Speedy Tuesday – Omega Speedmaster Professional 145.022 Buyer’s Guide Part 2
This is part II of our Speedmaster Professional 145.022 Buyer’s Guide (part 1 can be found here), with a number of updates since the previous publications (2015 and 2017).
This second part of the 145.022 Buyer’s Guide goes into the details of the Speedmaster Professional 145.022, details you should pay attention to when you are in the market for this reference. We are receiving a healthy amount of e-mails and messages to help some of our readers with their quest for a Speedmaster Professional 145.022. There are quite some of these watches out there that have been tampered with or have been serviced with authentic parts but from a later era. That also affects the value of the watch.
As always, the devil is in the details and it’s these details that can make your purchase to an awesome find or a huge drama. Since our initial version of this article (2015), the price went up a fair bit but we still believe that it is acceptable for this iconic piece. We updated this article with today’s prices.
Speedmaster Professional 145.022 – Many small changes
The relatively low price is one of the reasons why it is so popular at the moment. As I wrote in part one, you can pick up a very nice 145.022 from the 1980s below 4000 Euro on eBay. However, an early 1970s piece starts at a bit more (around 4500 Euro and goes up rapidly depending on its condition). Another reason for its popularity is that the Speedmaster 145.022 is an amazing looking watch, not much different from the current Moonwatch with its shuttle cam hand-wound Lemania chronograph movement but yet have this vintage look & feel because of the old print on the dials, bit of patina on the hour markers and hands, stepped dials and of course the marks and scuffs it received overtime while being worn. Perhaps that makes the Omega Speedmaster Professional 145.022 the best of both worlds.
Because the Speedmaster 145.022 was produced over a longer period, you will soon find out that there are subtle differences to discover in this reference. Luckily, the supply of these watches is still substantial and it is much easier to find an all authentic and time-correct piece than, let’s say the predecessors 145.012 and 105.012.
As previously discussed in part 1, the following ‘production runs’ can be identified:
- 145.022-68 ‘Transitional‘
In short, I could split them up in Pre-Moon and Post-Moon Speedmasters, referring to the Moon landing in July 1969. But to be honest that doesn’t cover the load, as many small changes were made during the production of the 145.022 references. For your information: this 145.022 ‘Moonwatch’ never was on the Moon actually, as Omega only supplied 105.012 and 145.012 references to NASA after the certification took place. The 145.022 was NEAR the Moon though, during Apollo 17. Only in 1978 Omega sent a batch of 56 Speedmaster Professional 145.022 watches after re-certification for the Space Shuttle program.
Open the Speedmaster case
One of the first things you want to do with you found a Speedmaster Professional for sale, is have a look at the movement and identify the serial (or movement) number. The movement number is something I touched already in Part 1 of this Omega Speedmaster Pro 145.022 Buyer’s Guide. The movement number (not to be confused with the caliber number) can give you an estimate on the production year. In the past, we published an overview of these numbers and production years here, but we found out that those were often too far off. The most famous one you will come across on the internet is the one from Roman Hartmann on Chuck Maddox’s website. That was an awesome attempt in those years, but today, we know that it also had many inconsistencies. We would advise you to request an Extract of the Archives from Omega, but we can also imagine you sometimes need a quick look-up before you do the purchase. In that case, we’ve found this database to be most correct for Speedmasters.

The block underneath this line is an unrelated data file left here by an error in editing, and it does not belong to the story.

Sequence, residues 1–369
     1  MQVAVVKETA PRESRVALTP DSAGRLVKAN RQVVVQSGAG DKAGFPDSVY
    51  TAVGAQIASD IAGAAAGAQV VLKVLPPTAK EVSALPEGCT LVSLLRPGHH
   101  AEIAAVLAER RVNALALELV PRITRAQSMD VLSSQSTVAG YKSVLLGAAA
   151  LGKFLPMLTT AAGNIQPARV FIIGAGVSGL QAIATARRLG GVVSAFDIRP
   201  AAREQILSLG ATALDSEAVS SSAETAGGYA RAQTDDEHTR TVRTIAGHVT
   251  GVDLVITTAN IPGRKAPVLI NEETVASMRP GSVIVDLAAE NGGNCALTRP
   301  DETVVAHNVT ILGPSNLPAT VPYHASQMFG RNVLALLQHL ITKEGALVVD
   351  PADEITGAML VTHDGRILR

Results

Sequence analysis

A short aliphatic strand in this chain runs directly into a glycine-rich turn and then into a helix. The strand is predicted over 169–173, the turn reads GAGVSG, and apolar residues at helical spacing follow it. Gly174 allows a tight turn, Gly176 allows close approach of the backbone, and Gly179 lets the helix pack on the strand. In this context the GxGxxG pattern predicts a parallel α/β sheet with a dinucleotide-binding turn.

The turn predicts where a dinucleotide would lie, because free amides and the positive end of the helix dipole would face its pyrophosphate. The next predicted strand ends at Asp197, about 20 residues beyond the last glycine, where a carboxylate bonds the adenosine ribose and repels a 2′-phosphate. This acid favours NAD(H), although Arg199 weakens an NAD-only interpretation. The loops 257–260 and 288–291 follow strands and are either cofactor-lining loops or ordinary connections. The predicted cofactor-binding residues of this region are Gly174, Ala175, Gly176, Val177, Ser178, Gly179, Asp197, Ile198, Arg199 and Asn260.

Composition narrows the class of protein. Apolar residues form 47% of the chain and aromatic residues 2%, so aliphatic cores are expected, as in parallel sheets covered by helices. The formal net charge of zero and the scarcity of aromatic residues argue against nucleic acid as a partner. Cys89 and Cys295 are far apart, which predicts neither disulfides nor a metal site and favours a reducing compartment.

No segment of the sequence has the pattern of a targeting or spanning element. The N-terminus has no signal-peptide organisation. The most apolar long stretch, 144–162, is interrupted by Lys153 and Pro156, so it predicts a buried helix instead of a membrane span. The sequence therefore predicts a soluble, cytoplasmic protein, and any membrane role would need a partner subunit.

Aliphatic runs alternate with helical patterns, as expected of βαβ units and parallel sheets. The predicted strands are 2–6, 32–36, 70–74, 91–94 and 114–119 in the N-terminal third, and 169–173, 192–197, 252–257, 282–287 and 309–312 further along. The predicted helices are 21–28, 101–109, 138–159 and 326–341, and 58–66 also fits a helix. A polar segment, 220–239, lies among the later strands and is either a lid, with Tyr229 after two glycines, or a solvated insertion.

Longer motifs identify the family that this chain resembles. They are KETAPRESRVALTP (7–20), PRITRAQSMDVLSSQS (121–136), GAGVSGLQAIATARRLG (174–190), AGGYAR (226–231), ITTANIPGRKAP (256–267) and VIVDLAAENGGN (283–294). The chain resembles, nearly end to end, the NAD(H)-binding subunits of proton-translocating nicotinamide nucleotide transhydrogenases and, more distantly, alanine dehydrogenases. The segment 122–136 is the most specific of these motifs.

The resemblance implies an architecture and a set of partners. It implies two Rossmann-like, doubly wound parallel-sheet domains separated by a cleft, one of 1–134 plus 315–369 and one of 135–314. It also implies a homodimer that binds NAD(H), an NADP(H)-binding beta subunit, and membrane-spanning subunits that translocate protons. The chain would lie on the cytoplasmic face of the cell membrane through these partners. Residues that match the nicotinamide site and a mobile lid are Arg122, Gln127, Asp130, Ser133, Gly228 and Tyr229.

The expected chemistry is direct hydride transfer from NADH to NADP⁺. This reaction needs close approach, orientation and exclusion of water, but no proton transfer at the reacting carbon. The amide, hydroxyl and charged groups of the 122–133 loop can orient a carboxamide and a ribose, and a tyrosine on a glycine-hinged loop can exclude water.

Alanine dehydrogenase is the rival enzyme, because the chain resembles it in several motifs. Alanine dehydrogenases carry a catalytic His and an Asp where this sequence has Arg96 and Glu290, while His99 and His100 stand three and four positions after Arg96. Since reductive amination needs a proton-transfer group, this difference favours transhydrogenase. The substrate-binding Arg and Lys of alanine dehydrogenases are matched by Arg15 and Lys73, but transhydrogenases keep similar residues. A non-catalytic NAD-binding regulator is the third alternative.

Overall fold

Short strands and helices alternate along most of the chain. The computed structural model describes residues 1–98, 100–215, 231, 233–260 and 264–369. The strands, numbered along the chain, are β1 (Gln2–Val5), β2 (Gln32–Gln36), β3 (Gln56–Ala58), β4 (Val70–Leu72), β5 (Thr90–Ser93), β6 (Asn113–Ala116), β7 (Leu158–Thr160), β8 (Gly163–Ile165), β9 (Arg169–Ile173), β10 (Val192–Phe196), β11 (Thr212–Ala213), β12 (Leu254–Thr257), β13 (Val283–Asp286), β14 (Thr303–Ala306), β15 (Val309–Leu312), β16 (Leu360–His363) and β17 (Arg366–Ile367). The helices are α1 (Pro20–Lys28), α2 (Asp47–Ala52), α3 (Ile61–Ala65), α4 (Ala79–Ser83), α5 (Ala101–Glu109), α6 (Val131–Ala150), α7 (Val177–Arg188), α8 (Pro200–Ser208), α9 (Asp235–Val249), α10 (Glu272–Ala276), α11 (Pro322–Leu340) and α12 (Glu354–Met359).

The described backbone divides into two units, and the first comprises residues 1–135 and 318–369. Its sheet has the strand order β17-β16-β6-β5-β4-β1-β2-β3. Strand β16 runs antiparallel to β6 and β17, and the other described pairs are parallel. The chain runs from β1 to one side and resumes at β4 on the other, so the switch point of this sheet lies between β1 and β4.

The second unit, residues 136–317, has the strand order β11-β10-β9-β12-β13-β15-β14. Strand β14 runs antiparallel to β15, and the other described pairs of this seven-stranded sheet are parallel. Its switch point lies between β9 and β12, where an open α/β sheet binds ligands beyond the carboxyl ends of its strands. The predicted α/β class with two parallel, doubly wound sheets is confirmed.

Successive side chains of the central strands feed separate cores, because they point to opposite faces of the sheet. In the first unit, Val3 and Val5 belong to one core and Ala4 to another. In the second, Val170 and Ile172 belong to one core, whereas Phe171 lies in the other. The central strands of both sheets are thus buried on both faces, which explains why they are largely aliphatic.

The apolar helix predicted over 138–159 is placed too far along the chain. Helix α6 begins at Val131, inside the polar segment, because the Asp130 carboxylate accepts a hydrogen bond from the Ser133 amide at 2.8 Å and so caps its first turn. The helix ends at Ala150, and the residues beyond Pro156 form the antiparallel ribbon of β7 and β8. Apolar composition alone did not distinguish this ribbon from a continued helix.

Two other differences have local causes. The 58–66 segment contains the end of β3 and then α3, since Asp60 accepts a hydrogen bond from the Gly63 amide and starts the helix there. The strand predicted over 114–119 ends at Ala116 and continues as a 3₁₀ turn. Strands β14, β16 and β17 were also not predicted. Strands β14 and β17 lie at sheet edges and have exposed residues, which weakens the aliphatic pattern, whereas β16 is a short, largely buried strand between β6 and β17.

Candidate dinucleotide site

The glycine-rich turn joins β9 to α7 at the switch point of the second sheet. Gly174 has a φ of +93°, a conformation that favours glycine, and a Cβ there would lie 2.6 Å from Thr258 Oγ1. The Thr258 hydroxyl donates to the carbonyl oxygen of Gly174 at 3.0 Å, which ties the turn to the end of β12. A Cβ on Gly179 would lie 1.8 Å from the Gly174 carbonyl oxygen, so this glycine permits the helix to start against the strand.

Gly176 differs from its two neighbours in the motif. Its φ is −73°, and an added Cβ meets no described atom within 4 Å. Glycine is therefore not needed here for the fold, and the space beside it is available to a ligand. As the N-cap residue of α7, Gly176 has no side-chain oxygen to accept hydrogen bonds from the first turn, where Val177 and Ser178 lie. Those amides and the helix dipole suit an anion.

After having checked the movement (also make sure to look at the gasket, are they still ‘like silicon’ instead of hard and plastic-like which indicates the watch hasn’t been serviced for a while), have a look at the inside of the caseback for inscriptions. Besides the 145.022-XX indicator, some times you see some indication that the watch has seen a couple of services. If you noticed that the watch has been serviced, pay attention to the following parts:
Basically, the dials of the Speedmaster Professional 145.022 can be divided into two different variations. The step dial and the flat dial. The step dial comes close to the dial of the 145.012 and its predecessors, except for the differences in typography and the applied Omega logo (except for the transitional 145.022-68 reference).
The 145.022-69 and 145.022-71 dials have the step dial, easy to discover as it divides the main center part of the dial with the outer part where the minute track is printed. This flange disappeared with the 145.022-74.
From the 145.022-74 and on-wards, the dial should be flat and have no ‘step’. To makes things a bit more complex, the 145.022-76 comes in a few small variants. Always having a flat dial of course, but the ‘S’ in ‘Speedmaster’ can be slightly different (the later models have a longer ‘S’).
You really need to compare dials when it comes to typography and printing, otherwise it can be hard to detect small differences. In all cases, these dials have tritium hour markers and hands. Some of them will have an amazing nice yellow-ish patina, others stay quite white. I’ve seen all-white dials on the 145.012-67 quite a bit for example, while some of the 105.003 models look like they have a bit of green-ish fungus on there. So there is also a bit of ‘personal preference’ in picking the right dial. I am personally not too fond of heavily discolored markers, but a little yellow is nice.
A little side note on the brown dials. These brown 145.022-69 dialed Speedmasters are heavily in demand and seem to fetch higher prices than ‘ordinary’ black 145.022 dials. It is basically a matter of preference, but please be aware that the brownish color was a result of using defective varnish. Climate conditions were of influence on the discoloration or ‘quick aging’ on these brown dials. If you find one, always make sure that the movement didn’t suffer from moisture / humidity as that caused the brown color in some cases.